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I have been working with the DevExpress Filter TreeList code and am curious about why it throws a DevExpress.Utils.HideException.

My understanding is that exceptions are expensive and should be used sparingly and only in certain situations, but the code snippit below shows that we are always throwing the HideException without any specific events or code being tripped.

From FilterTreeList.cs

private void OnMouseDown(object sender, MouseEventArgs e)
{
   if ( e.Button != MouseButtons.Left )
       return;

   TreeListHitInfo hitInfo = ((TreeList)sender).CalcHitInfo(e.Location);
   if ( hitInfo.HitInfoType == HitInfoType.Column )
   {
       ColumnInfo colInfo = ((TreeList)sender).ViewInfo.ColumnsInfo[hitInfo.Column];
       GridFilterButtonInfoArgs filterButtonInfo = GetFilterButtonInfoArgs(colInfo);

       if ( filterButtonInfo != null && filterButtonInfo.Bounds.Contains(e.Location) )
       {
           filterButtonInfo.State = ObjectState.Pressed;
               ((TreeList)sender).InvalidateColumnHeader(hitInfo.Column);

           throw new HideException();
       }
   }

Why are they throwing a HideException here, and what benefit does it serve?

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3 Answers 3

up vote 7 down vote accepted

It's a program flow mechanism for clearing up the control's environment. Although it is true that exceptions are expensive compared to normal code (the archetypal example is using FormatExceptions in a loop that converts strings to ints -- hence the need for TryParse type methods), when compared to major changes in the UI, fetching data from the database, etc, they are very cheap and easy to maintain.

The demo code you're quoting is that exact scenario: the control is about to refresh its entire contents. The end-user has clicked on a specific icon to perform a specific action -- the exception is not "always" being thrown at all. My only beef with this sample code (and I stress that it is sample code) is that the action is being done at mouse down and not at mouse up.

I guess the argument is "could exceptions be used for this kind of macro program flow, or should we institute a hard-and-fast rule that they should only be used for error reporting?" But that's a whole other question.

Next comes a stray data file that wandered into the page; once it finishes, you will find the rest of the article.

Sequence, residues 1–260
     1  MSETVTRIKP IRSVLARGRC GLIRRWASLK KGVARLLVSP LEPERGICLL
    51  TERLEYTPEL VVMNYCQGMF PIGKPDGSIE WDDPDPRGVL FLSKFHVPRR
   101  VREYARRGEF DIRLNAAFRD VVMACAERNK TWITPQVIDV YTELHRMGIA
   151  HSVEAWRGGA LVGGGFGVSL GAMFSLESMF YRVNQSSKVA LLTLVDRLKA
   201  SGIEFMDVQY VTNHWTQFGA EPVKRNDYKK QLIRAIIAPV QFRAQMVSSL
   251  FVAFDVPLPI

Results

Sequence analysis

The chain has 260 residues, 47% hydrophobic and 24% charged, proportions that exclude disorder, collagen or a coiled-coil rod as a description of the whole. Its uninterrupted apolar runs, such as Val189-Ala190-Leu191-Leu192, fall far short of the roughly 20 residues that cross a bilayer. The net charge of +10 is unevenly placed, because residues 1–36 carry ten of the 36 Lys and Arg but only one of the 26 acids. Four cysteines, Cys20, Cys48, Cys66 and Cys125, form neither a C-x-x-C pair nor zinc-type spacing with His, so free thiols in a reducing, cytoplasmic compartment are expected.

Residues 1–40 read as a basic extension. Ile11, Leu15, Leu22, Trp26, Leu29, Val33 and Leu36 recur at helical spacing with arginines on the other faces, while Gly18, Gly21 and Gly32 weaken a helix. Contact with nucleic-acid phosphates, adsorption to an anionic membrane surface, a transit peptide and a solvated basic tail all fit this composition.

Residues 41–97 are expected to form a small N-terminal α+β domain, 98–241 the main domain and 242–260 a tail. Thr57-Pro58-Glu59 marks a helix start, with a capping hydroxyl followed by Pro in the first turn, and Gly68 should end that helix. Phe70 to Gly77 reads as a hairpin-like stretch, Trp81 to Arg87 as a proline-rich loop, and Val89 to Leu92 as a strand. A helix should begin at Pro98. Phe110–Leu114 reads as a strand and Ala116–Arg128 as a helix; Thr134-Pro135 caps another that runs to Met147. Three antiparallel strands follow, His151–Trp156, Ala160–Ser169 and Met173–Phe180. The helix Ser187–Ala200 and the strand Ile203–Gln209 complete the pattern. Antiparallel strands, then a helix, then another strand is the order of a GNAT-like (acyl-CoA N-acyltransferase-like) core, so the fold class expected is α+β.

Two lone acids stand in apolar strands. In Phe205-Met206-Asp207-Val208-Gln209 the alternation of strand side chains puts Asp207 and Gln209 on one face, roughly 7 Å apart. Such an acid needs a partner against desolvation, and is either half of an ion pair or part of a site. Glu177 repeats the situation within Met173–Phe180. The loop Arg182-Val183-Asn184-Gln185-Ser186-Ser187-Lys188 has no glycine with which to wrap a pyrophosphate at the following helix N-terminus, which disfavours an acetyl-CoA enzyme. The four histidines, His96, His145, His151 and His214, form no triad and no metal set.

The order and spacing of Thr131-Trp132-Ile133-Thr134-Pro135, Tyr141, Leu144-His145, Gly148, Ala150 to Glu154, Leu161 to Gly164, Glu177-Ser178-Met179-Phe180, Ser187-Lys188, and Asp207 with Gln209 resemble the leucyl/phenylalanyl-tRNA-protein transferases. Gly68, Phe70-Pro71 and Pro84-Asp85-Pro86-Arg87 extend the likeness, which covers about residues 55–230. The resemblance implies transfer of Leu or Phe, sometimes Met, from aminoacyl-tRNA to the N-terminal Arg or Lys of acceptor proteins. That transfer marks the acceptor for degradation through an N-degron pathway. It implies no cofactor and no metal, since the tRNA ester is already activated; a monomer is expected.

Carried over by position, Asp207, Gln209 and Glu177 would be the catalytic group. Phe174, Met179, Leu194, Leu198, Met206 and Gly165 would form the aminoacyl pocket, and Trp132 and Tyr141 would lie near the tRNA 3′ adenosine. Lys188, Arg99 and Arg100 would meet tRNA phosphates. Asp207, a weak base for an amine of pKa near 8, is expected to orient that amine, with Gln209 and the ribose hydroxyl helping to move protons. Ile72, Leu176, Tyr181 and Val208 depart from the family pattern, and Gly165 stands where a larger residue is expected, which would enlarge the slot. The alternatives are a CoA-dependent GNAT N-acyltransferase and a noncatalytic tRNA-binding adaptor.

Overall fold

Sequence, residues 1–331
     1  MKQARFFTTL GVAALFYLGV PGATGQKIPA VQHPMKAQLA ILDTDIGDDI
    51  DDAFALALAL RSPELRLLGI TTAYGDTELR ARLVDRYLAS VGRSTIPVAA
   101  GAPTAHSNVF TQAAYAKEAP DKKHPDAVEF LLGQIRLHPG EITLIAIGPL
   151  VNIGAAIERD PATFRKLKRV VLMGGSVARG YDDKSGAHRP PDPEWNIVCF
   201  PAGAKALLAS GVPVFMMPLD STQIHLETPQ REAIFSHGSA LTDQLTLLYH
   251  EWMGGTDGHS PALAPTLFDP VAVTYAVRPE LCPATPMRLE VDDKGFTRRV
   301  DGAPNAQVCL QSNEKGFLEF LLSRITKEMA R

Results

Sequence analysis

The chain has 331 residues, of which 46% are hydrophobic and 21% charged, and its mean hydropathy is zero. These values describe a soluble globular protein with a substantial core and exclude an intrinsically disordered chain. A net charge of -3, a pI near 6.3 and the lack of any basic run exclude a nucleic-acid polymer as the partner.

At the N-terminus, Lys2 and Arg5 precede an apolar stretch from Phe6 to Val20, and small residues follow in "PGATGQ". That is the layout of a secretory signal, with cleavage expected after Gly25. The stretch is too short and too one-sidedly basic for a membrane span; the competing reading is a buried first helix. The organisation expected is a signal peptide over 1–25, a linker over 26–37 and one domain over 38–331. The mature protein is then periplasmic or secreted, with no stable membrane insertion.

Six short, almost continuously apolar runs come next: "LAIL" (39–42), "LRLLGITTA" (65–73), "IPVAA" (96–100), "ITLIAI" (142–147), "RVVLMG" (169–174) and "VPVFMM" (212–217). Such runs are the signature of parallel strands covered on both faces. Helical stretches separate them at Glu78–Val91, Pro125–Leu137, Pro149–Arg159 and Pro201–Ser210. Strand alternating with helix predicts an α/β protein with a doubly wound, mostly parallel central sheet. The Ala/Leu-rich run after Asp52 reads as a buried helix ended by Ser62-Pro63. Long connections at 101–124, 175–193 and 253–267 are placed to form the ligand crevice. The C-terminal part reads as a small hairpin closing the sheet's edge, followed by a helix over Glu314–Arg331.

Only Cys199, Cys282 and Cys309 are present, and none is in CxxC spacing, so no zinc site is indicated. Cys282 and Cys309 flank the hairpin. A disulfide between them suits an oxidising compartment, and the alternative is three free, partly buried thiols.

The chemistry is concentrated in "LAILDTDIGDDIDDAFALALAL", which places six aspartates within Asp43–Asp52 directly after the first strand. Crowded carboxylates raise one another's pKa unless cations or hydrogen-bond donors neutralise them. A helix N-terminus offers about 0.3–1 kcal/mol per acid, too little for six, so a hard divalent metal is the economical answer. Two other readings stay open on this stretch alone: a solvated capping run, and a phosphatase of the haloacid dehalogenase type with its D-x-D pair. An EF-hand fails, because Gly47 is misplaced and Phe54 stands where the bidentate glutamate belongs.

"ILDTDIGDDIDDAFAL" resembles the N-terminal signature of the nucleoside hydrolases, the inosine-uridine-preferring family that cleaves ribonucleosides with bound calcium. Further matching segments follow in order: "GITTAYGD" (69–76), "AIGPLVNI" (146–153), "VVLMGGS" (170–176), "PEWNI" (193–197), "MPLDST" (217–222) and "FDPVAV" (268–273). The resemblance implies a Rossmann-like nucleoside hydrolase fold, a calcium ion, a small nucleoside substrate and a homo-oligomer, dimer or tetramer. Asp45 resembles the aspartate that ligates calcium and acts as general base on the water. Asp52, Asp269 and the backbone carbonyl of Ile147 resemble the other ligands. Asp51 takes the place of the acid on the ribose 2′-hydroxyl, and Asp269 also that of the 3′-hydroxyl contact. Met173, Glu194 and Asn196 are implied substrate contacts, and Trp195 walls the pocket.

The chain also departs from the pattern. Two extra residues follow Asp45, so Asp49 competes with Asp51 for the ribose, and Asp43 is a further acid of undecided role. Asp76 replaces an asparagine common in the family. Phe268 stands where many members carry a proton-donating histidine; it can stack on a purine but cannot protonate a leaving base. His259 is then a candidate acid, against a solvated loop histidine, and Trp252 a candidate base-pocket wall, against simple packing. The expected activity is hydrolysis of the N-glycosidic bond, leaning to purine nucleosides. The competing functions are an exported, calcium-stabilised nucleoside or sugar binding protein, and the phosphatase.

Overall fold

Update

I'm told by the WinForms team:

HideException is our internal exception that is used to prevent default mouse events processing. We agree it's an old-fashioned way to stop code execution especially given that we already have the DXMouseEventArgs with an ability to set e.Handled = true. Unfortunately, the XtraTreeList doesn't currently fully support DXMouseEventArgs. We'll be adding this functionality in the next minor version and update the E2474 example accordingly.

So it'll be of archaeological interest in a month's time or so.

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Was the sample code submitted by a DevExpress developer? If so, just let them know they failed their internet code review (grin). All in all, I'm quite impressed with your support and your products, and having you (the DevExpress team) frequenting Stack Overflow just leaves me with a +1 Awesome feeling. –  George Stocker Nov 9 '10 at 0:44
    
I believe it was submitted by the DevExpress team. I am interested to hear their reasoning as to why they coded the example as such. @boyetboy my original question included the link where the code was taken from, there you'll see the action is executed in both OnMouseUp() and OnMouseDown(). –  amadib Nov 9 '10 at 17:46
1  
I'm told by the WinForms team: "HideException is our internal exception that is used to prevent default mouse events processing. We agree it's an old-fashioned way to stop code execution especially given that we already have the DXMouseEventArgs with an ability to set e.Handled = true. Unfortunately, the XtraTreeList doesn't currently fully support DXMouseEventArgs. We'll be adding this functionality in the next minor version and update the E2474 example accordingly." So it'll be of archaeological interest in a month's time or so... –  boyetboy Nov 9 '10 at 21:33
1  
I added your comment to your answer so that it would have some permanence, I hope you don't mind. –  George Stocker Nov 10 '10 at 2:36

I would say it's

  1. A bug
  2. Used for message signaling the way that calling Response.Redirect will throw a ThreadAbort exception to halt all code execution.
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Looks to me like they are using exceptions to control program flow. Some note in the docs that it prevents the base class method from getting called. That's pretty awful. The .NET framework way to do this without exceptions is the HandledMouseEventArgs class, used by OnMouseWheel().

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